Can you use a Global Mapper script to automate the process of Pixels to Points transformation?

Global Mapper script does support the command GENERATE_POINT_CLOUD to set up and run the Pixels to Points process. Running the process through a script does not allow you to perform manual tasks like placing ground control points or masking sections of images. 

 

Any recommendations for good flight plan apps?

We don’t have any recommendations for flight plan apps as there are many out there. We generally suggest working with the one most compatible with your drone model. 

 

Will you be supporting the GLB file in your next version?

We do not have any current plans to include the GLB format for 3D objects. Supported 3D model formats are listed here in the Global Mapper knowledge base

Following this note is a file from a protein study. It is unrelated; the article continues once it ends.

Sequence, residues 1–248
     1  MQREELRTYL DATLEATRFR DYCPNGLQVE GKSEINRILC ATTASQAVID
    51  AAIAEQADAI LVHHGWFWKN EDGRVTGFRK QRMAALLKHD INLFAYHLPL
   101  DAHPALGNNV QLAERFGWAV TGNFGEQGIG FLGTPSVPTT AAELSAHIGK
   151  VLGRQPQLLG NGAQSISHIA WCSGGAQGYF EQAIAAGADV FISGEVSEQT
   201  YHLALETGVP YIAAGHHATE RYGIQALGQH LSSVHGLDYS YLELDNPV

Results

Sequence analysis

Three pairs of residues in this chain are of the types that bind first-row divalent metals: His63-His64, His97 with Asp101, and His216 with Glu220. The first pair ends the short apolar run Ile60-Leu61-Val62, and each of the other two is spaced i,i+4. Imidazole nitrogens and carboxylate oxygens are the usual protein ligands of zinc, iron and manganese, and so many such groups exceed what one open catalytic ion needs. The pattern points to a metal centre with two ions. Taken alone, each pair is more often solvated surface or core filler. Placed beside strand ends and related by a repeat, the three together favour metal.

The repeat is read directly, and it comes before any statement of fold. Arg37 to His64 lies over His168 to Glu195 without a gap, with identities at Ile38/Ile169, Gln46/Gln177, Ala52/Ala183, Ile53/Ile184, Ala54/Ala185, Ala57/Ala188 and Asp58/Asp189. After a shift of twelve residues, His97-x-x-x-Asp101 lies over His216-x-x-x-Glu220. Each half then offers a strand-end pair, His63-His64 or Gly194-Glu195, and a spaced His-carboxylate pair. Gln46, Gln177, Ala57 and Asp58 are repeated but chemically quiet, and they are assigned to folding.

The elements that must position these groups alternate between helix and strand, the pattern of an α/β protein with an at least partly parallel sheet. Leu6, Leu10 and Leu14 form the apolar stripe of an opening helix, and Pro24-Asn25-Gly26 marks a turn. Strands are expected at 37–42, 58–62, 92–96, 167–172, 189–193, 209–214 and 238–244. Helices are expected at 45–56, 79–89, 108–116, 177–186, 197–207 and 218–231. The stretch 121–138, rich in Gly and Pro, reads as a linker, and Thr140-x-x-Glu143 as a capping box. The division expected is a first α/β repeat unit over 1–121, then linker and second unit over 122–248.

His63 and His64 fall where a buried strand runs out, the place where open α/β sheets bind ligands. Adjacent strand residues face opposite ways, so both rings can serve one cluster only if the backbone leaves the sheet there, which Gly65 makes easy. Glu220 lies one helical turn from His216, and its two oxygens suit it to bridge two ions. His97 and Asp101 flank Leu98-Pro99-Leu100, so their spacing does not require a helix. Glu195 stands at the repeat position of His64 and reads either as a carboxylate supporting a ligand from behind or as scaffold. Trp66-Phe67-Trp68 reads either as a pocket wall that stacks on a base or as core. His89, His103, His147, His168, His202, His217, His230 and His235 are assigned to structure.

Do you have to fly the second time to capture the sides of the buildings/house at an oblique angle instead of nadir?

 

The flight path of your drone and the images captured should be designed with your end goal in mind. If you are planning to more accurately model building features as well as ground area you may want to capture oblique images from many angles. Keep in mind that the Pixels to Points tool and the Structure from Motion process can only construct the area for which there are clear views from overlapping images. 

Check out this blog post with some more details on drone flight tips when collecting images for use in the Pixels to Points tool. 

 

How many GCPs do you need for a certain area of your flight?

Your ground control points should be evenly spread over the area of interest and each ground control point should appear in multiple images. There is no rule on how many ground control points you should have in a given area. More control points will improve accuracy to a point, but eventually, the addition of more control points will not result in much improvement in the outputs. 

 

So the data altitude is assumed to be in NAVD88 instead of NGVD29?

Global Mapper does not work with vertical reference systems or transform between them. The assumed vertical system for Pixels to Points is Ellipsoidal Height.